My wife and I are in the final stages of building our new home. We’re in the ninth month of a four-month project, so I believe the job is almost done.
While my contractor does fabulous work, he didn’t honor his timelines. At least he’s the only one who accrues expenses for every additional day. Well, not exactly.
In truth, this project was always a nine-month project, but he didn’t want to tell me that. He wanted to keep me “happy.” My contractor thought telling me what I wanted to hear would make me happy: happy I had to extend my stay in temporary housing; happy I’m billed every additional month for storage; happy I’m paying my mortgage and utilities without living in my home; happy my wife and I planned our lives around a four-month timeline. I’m the furthest thing from being “happy.”
You will make more money, have happier customers, and generate more referrals if you would simply be honest. I’m not suggesting that my contractor is lying. I trust him 100 percent. I’m suggesting being honest about what you know to be true and sharing it with your customers, even if the customer may not like what you’re saying.
For example, have you ever said “yes” when you should say “no?” Do you have a hard time telling customers the truth about how long a project may actually take or cost? Do you withhold information in fear of a confrontation or losing a sale? Is your schedule frequently overbooked? If so, you may be a “Yesaholic.”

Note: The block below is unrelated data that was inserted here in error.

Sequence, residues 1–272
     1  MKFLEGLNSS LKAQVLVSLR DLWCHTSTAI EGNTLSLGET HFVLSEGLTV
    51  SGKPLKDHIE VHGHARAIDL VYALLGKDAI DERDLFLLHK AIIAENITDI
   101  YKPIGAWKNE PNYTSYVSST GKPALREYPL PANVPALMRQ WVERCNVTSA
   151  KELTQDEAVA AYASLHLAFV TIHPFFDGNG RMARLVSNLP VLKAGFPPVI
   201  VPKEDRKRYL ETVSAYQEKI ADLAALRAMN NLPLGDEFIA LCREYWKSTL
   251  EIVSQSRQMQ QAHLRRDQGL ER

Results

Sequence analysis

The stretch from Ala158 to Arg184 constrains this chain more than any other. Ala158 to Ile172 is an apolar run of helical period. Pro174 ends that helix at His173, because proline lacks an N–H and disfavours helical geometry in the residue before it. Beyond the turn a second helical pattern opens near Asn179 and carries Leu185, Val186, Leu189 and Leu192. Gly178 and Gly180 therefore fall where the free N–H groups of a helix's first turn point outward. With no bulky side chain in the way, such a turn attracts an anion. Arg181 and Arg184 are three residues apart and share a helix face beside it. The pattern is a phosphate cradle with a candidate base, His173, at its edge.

When you instinctually say “yes” without considering whether you can realistically deliver on that timeline or expectation, you always have the best intentions in mind. You believe you can “do it all.” Yet, think about what happens when you’re not able to honor that promise?
Saying “no” is often perceived as a bad thing. After all, you don’t want to say “no” and fear letting someone down, looking bad or losing a sale. The irony is, if you inevitably say “yes” all the time to keep everyone happy and don’t follow through with your commitments, you wind up creating what you wanted to avoid from the start. That is, you let others down and create stressful situations that cost time, money and problems by continually overcommitting and not delivering! Being honest and honoring your boundaries (saying “no”) is an attractive trait. You’ll find that more people will hire you. People respect those who have strong boundaries.
The next time someone asks you to do something, give yourself the time to process by saying, “Let me check my schedule and I will get back to you” or, “Thanks for the opportunity. I will consider it.” Then, ask yourself these five questions before you respond. This would have saved my contractor $32,200.00.
- “Is this something I want to do?”
- “Is this something I have to do?” (It supports my goals, priorities, etc.)
- “Can I meet this person’s expectations?”
- “Do I have time for this?” (Should other jobs take priority?)
- “What is a reasonable deadline/expectation I can commit to in the worst-case scenario?” (If you plan for the worst, you build buffers into your schedule that enable you to handle unforeseen problems.)
After practicing this a few times you’ll see the benefits. Your life will became easier and more simplified once you eliminate the problems that result from over-committing. Remember, either you run your life or other people and circumstances will.